On the edge of perception:
the logic of immersive environments
I would like to start with a general thought regarding the concept of composition. Could you describe the key characteristics of your approach to audio-visual installation and performance ?
I discovered recently that Rem Koolhaas was a screenwriter before he became an architect. He describes the moment that his journey into architecture began when on a trip to Moscow he was exposed to soviet architecture and Russian Constructivism (Malevich, Tatline and Lissitzky etc). He observes that their project proposed a radical reconfiguration, a re-ordering of everyday life through the vocabulary of building. Just as a screenwriter prescribes the words and actions of a character in a series of spaces, so architects, with their arrangements of stairs, living room, kitchen and so on, write a script for our lives.
Composition, with its etymological root in the act of combination, is for me, an activity which is common to all creative endeavour. In the most general sense I believe that it implies the imposition of structure onto substance. Whether the substance in question is material or immaterial (i.e. thoughts and concepts) or the structure orderly or chaotic is secondary; what remains common is the combinatory act. If one thinks about composition in the way that Koolhaas implies, i.e. as a systematic recombination of themes, metaphors, spaces, colors, dialog, shapes, notes etc. until a result is achieved that one finds meaningful or desirable, then it becomes a very powerful and intellectually liberating concept that can be applied to any discipline.
Thinking about composition as being synonymous with design, painting or writing etc, i.e. that it is a shorthand for creativity, also provides me with the impetus to work in collaboration. I find that dialectic engagement with people from other disciplines who bring an entirely different intellectual tool box to the same problem can generate results where the whole is greater the sum of its parts.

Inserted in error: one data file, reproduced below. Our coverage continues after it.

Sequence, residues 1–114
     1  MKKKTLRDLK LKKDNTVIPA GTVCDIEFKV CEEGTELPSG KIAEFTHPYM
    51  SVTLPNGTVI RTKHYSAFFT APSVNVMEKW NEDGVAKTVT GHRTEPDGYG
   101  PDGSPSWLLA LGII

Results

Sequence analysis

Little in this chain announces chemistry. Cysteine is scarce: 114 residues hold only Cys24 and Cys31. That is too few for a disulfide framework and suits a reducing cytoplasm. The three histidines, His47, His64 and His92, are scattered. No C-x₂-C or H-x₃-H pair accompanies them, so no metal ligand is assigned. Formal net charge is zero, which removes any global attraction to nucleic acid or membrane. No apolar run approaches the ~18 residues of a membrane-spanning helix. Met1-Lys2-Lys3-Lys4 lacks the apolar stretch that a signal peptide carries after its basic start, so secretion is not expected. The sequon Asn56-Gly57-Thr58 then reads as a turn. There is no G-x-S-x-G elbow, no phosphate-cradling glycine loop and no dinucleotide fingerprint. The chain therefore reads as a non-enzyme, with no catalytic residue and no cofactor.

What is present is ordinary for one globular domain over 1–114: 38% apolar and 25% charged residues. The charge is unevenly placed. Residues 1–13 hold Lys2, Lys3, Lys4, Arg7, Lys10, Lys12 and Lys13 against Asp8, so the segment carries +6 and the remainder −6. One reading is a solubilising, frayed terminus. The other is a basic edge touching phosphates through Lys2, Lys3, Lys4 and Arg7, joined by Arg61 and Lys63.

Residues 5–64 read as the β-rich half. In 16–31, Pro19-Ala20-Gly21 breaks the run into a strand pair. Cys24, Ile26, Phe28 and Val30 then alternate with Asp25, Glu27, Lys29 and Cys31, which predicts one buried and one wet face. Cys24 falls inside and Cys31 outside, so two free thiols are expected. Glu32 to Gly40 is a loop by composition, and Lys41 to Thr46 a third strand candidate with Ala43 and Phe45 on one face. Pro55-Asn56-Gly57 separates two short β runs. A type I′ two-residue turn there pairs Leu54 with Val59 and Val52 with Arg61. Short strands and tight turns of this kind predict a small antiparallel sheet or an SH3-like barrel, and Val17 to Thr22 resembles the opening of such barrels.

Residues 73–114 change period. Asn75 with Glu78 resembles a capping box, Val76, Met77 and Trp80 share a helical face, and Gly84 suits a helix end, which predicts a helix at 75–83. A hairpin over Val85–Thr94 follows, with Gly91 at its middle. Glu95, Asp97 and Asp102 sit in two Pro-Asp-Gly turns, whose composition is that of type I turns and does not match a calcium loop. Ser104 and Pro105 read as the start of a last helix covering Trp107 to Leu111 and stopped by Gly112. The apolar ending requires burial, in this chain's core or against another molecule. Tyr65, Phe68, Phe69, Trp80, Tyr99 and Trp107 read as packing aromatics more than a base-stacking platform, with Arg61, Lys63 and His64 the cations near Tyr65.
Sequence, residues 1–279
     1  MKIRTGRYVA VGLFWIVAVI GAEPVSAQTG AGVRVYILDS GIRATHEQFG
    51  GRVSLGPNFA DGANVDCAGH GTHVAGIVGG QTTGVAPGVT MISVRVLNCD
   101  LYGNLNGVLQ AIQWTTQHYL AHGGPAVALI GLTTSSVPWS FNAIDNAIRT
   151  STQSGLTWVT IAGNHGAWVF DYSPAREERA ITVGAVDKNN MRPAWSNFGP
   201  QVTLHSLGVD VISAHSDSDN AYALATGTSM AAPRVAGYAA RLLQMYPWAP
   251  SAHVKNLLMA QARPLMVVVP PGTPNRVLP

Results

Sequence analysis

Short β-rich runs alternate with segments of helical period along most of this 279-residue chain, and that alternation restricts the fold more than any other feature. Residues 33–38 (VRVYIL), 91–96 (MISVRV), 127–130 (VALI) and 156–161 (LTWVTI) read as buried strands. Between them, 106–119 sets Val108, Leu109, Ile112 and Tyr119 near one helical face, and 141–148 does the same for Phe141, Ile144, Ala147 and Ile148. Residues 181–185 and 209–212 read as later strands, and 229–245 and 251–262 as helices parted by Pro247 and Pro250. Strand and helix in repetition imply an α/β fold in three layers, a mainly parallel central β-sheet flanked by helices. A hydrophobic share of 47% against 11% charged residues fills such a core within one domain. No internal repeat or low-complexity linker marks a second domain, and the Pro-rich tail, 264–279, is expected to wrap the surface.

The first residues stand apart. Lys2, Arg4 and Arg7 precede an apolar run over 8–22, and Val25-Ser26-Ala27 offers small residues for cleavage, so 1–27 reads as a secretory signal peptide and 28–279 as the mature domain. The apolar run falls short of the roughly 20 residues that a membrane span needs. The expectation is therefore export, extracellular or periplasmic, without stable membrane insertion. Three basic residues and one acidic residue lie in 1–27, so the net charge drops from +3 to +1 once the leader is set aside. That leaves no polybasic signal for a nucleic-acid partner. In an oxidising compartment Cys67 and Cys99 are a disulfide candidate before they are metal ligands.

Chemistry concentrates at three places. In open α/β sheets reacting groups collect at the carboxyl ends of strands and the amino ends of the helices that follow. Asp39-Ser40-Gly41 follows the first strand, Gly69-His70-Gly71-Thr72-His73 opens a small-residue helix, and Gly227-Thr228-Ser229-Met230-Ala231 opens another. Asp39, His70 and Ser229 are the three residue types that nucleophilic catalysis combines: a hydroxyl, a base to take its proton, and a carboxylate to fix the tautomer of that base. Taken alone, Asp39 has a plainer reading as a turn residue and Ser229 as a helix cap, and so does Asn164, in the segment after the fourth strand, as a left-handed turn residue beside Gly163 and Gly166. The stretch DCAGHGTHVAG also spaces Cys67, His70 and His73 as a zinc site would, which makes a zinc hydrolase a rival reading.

In my opinion, your audio-visual performances correct a common misunderstanding about the quality and nature of the relationship between sound and image. In the disciplines of sound installation and video art the misunderstanding arises when the artist thinks he or she can create an artwork by simply juxtaposing images and sound. Your work is a very interesting example of integration, resonance and creative tension between image and sound. Could you discuss this problem particularly with reference to Optinen ääni (2005) ?
I recall an advert that I saw in a commercial film festival from the early nineties that consisted of footage of a taxi ride through New York City depicting its landscape and street life. The montage was accompanied by a soundtrack of abstract jazz. The resulting impression of the city it gave was one of frenetic activity, the crush of humanity with the hint of violence and danger. Then the same footage was played a second time but accompanied by a score of serene classical music. The contrast was startling: the oppressive activity and crowds become joyous and tranquil while the overtone of menace completely disappeared.
While this example might seem to contradict your assertion that artistic meaning cannot be manufactured through the arbitrary combination of image and sound, I think that it points to a more nuanced understanding of the relationship. The markedly different effect that the two, starkly contrasting types of music have on our apprehension of the montage suggests that the directors, by extension, can make you the audience see a product in any particular light. Nothing in the film was arbitrary : the footage and the music were very carefully selected to achieve their particular end, in other words to achieve meaning.